1) Richard Frampton Chr. 5 Oct 1708 Walton, s.o. Richard and Sarah (nee Chick) Frampton

Richard was paid by the OOP in March 1738 for 'curing' Sarah Martin's bad leg. Richard was the father of Giles Chr. 21 Apr 1756, who married Sarah White on 25 Dec 1780, Walton, parents of the next. In 1741 Richard was paid again for curing Sarah Martin's leg.

2) Giles Frampton Chr. 7 Aug 1796 Walton, s.o. Giles and Sarah (nee White) Frampton, died 22 Oct 1834 Walton

William and Giles Frampton began occupying and farming land at Sedgemoor ground in 1814 (property of James Rocke and James Castle). The former property was also farmed by 'Farmer Crossman'. They farmed together until 1816 and then Giles farmed alone. From 1819 until post 1827 the farmer called simply Mr. Frampton and could be William next.(record ends there)

Martha was a widow in 1841 when living with Kezia who then married William Crossman in Walton. Frederick and Sophia were working as servants at the home of Joseph White in Butleigh Wootton in 1841. Frederick emigrated to Tasmania from London on 5th Nov 1841 on the vessel the 'Indian' which also carried William Isaac Andoe from Butleigh and arrived on 6 Apr 1842, the week after the 'Arab' containing Uriah Williams' family from Butleigh. and worked near Longford for 10 years then with James Hingston (brother-in-law) and John Cruse joined the goldrush at Sandhurst, afterwards named Bendigo. They were fairly successful, and after four months decided to return to Tasmania, on the SS City of Melbourne.
In Bass Strait the ship was caught in a storm and wrecked on King Island, on August 7, 1852. All the passengers and crew, 250 in all, reached the shore safely. The mate and two sailors volunteered to row a whaleboat to Stanley in an endeavour to procure a ship. It was six weeks before the shipwrecked people were back in Tasmania.
Frederick then rented land at Buttley Hill near Cressy. In 1856 he came to the Leven, as Ulverstone was called and purchased 640 acres of bushland at five pounds per acre from Alexander Clarke. Later, when the Gawler - North Motton road was surveyed, he purchased a further 26 acres for a frontage on the road. He had married Elizabeth Jane Hingston on 12 Jun 1850 at Wesleyan Chapel, Longford, Tasmania (died 20 May 1913) and they had three sons and four daughters.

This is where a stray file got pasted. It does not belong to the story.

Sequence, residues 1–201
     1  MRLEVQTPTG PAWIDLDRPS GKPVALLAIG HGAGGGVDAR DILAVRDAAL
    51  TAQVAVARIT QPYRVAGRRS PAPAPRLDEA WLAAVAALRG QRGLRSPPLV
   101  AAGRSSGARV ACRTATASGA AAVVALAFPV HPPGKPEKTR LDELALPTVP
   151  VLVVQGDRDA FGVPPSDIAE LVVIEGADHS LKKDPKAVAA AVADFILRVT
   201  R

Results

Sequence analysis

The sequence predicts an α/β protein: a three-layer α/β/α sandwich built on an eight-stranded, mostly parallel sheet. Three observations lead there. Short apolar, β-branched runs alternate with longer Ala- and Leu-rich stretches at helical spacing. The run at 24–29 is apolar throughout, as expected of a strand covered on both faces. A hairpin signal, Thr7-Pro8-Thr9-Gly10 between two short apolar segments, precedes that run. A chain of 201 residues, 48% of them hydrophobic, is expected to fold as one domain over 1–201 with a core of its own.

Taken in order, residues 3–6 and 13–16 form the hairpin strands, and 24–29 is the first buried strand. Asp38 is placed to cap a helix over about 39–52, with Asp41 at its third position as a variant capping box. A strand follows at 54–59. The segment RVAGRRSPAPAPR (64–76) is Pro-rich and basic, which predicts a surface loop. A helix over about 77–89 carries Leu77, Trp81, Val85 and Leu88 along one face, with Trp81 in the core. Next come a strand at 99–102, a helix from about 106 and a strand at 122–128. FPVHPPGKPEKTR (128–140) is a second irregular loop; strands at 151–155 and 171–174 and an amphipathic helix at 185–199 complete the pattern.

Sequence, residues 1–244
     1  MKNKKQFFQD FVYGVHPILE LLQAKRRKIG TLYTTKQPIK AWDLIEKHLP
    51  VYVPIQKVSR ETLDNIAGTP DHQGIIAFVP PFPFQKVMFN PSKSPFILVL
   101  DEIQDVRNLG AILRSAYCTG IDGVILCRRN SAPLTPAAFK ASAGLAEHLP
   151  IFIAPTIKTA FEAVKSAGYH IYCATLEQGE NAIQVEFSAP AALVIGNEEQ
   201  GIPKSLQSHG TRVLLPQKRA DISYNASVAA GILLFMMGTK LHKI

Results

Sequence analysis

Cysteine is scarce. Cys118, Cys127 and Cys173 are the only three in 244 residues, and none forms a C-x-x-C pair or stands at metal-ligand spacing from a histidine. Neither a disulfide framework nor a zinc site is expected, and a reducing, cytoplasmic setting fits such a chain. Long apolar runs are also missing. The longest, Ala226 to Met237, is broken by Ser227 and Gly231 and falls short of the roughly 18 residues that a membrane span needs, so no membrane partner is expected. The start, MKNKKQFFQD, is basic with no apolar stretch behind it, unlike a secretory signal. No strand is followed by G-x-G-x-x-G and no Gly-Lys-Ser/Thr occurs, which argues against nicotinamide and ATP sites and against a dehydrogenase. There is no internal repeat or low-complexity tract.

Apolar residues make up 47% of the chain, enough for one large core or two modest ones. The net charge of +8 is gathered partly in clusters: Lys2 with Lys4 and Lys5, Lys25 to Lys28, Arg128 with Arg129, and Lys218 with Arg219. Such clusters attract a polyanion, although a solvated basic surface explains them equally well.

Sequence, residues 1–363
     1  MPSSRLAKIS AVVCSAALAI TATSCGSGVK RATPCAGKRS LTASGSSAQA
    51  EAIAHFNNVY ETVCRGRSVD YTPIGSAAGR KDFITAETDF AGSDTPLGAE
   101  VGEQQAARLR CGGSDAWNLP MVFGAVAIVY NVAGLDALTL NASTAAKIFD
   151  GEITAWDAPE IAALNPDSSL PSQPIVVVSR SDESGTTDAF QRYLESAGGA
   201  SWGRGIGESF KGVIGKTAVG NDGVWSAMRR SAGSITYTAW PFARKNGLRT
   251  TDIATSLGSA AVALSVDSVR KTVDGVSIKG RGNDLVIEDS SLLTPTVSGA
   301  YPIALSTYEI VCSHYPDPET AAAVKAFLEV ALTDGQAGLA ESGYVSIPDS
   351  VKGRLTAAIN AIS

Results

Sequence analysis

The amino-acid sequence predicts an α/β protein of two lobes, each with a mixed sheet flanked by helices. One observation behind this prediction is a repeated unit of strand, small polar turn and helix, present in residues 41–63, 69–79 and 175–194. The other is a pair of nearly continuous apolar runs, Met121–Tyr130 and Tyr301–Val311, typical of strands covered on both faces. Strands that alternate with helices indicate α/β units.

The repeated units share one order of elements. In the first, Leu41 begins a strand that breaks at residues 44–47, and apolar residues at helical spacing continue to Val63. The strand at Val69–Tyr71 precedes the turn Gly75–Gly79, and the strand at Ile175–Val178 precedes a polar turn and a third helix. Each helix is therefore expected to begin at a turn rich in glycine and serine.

Sophia married John Crossman in Walton on 8 Jun 1848 and they emigrated to Australia arriving on 7 Sep 1851 – they had 13 children. Joseph White was Martha's brother-in-law but when his wife Hannah died he married her sister, Martha.

3) William Frampton Walton? [the William bur. 27 Oct 1862 Walton aged 87?]

William farmed with Giles Frampton at Sedgemoor from 1814 – 1816. In the rate assessment of 1827 he paid on the South side of the Common. Possibly therefore the 'Mr. Frampton' farming on Sedgemoor Common. In 1856 a part of the Butleigh Allotment in King Sedgemoor was described as 'in the occupation of Mr. Elihu Frampton of Walton' [the Elias next?].

4) Joseph Frampton Walton

Joseph farmed commons on Sedgemoor Ground from 1797 on land owned by Jarman until 1803. In 1850 an Elias Frampton was a tenant on land on the Kings Sedgemoor. [Elias Chr. 26 May 1806 Walton s.o. Giles and Sarah Frampton? Brother of the Giles (2)]

5) Uriah F. Frampton Chr. 29 Jul 1860 (Sep Q 5c/572 Wells) Walton, Street, butcher, s.o. Joseph and Ellen Frampton 91-121

In 1871 Uriah had lived with his parents in Street where his father farmed 90 acres. By 1881 his father had moved to Church Farm, Barton St. David where he farmed 200 acres. Uriah married in 1886. Mary Pike was the daughter of James Pike, butcher and grocer of West Lydford (1881). Uriah lived at 39, Water Lane in 1891 and by profession was a butcher too. In the Western Gazette 25 Sep 1891 Mrs. Frampton advertised for a 'nurse girls' wanted at once – fond of children. In the Western Gazette 20 November 1891 there was a notice that Uriah Frampton was leaving the neighbourhood and that on the 21st Nov all live and dead stock, hay, feed, butchering plant, roots and furniture etc. would be auctioned off at Sycamore Place, Butleigh by Mr. Dan Knight. The Huddersfield Chronicle 22 Apr 1893 carried notice of Uriah, of Keinton Mandeville, being declared bankrupt.

By 1901 Uriah was a butcher in the High Street Keinton Mandeville where two more children were born, Doris in 1896 and Reginald in 1898. Gladys married Albert Henry Brain in 1910 (Sep Q 5c/689 Langport) and in 1911 lived at Coombe Farm, Barton St. David with Albert's widowed mother. Gladys is recorded as having had a child but it had died.


1) Annie Francisjointly paid rates on South Moor land 1683-85 with Thomas Randell (OOP)

2) John France

John France appears in Jan 1809 OOP accounts when Joseph Dauncey kept him and brought him before the justice. In distress he received 15/- from the OOP in Jan 1811. In Feb 1811 John Francis and family received assistance and in March, April, May. On 23rd April J. Baines bill was paid by the OOP for attending John Francis' trial. £4 10s was paid to redeem Francis' goods.

In Jan 1813 Ann Frances paid by the OOP for attending her mother. In April 1814 the OOP account records that F. Bowring paid 12/- on account of Francis. In Jan 1815 is 'paid Mr. Welch's bill for Francis trial at Wells sessions which was omitted …...in Aug 1814'.

3) Samuel Frances b. 1823 Charlton Adam, stone mason, son of Lucy Francis 51-23

Samuel lived with his widowed mother Lucy in Charlton Mackrell in 1841. He lodged at Parsonage House in 1851 and was probably engaged on the building at Butleigh Court. He was married shortly after, to Mary Ann from Stoke Newington and by 1861 lived at 1, Southampton Street, Bethnal Green, Tower Hamlets, London. He was still a mason in 1891 when he and Mary Ann lived at 61 Christopher Buildings, Marylebone, London.